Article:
"You are instructed that in considering the question of negligence of the defendant San Diego Baseball Club, you may consider the closeness and the proximity of the playing field to the grandstand and the aisle in which the plaintiff was walking when she was injured."

The appellant contends that in giving this instruction the court erred in laying undue emphasis on one portion of the evidence. There was evidence that the home plate was thirty-one feet six inches in front of the screen back-stop which in turn was five feet from the grandstand, and that the line from home plate to first base was approximately thirty-six feet from the grandstand. The real issue presented to the jury was whether or not an occurrence of this kind should have been anticipated by the appellant. This involved the consideration of the testimony as to previous occurrences of this nature and the distance and direction traveled by bats which have slipped from the hands of the players, as shown by past experience. It was proper for the jury to consider the testimony relating to past experience along this line, in connection with the actual position of this playing field as related to the grandstand and the passageway. The court so instructed the jury and we are unable to see how the matter was unduly emphasized.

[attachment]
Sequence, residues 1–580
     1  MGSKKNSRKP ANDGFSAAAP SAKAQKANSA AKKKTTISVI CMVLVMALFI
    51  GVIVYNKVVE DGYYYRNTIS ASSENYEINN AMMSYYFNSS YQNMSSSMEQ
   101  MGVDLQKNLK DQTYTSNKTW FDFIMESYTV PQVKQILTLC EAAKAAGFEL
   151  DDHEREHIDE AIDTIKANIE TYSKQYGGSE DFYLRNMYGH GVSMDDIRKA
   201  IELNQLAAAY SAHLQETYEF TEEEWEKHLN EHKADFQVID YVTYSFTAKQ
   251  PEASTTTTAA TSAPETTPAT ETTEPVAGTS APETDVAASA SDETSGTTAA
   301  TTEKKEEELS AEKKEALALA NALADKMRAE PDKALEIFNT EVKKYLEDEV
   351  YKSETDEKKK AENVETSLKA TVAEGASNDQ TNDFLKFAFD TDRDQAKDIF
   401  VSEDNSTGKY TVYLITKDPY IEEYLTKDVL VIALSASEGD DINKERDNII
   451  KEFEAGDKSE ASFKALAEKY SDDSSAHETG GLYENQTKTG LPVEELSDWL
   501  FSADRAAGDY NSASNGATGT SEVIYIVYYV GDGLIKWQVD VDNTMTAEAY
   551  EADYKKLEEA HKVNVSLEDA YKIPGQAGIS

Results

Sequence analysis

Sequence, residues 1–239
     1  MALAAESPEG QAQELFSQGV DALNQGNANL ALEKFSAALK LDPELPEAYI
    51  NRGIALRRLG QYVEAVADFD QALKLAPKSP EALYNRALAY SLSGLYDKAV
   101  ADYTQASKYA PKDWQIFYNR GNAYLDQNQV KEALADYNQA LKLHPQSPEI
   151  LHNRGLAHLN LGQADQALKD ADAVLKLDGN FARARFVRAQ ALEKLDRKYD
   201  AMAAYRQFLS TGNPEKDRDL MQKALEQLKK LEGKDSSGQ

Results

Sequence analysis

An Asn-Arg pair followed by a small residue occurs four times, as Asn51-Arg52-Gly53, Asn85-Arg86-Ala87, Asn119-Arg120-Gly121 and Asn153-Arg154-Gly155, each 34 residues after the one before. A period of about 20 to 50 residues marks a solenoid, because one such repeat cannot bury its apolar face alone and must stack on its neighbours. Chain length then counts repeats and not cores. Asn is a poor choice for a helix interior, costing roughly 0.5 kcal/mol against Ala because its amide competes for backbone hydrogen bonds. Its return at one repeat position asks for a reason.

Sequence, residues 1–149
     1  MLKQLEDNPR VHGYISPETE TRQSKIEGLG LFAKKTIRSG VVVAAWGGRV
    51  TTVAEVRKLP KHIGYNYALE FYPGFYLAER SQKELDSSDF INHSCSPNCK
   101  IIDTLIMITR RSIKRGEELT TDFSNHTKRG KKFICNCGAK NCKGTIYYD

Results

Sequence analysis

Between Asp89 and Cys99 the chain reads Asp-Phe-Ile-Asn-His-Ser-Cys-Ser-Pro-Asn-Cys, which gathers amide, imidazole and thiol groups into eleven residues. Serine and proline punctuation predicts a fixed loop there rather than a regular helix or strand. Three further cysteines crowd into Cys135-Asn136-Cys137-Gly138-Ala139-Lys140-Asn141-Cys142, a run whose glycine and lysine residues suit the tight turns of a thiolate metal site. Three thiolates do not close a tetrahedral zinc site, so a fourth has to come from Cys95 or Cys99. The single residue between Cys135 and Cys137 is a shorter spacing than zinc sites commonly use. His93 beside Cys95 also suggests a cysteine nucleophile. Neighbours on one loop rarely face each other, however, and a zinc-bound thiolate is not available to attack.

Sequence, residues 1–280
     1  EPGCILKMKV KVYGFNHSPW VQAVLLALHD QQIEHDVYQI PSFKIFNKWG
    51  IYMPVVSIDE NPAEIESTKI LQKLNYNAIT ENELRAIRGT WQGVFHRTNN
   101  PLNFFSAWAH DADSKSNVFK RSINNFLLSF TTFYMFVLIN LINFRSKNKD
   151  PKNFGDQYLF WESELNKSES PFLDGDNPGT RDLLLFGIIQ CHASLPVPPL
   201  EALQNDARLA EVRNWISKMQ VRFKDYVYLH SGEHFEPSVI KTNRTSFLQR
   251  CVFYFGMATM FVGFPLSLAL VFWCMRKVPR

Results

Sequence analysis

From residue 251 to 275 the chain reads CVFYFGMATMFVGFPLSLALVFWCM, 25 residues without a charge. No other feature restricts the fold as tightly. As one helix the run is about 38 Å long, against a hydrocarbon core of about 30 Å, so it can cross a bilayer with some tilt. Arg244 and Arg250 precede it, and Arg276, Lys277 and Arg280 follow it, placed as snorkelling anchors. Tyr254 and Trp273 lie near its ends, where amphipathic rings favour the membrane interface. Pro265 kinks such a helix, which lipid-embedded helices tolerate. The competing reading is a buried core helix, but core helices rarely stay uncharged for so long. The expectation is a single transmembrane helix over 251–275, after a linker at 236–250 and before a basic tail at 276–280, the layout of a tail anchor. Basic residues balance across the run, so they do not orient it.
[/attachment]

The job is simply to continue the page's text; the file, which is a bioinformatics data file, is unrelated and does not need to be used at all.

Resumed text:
The judgment is affirmed.

Marks, J., concurred.

Haines, J., pro tem., deeming himself disqualified, did not participate herein.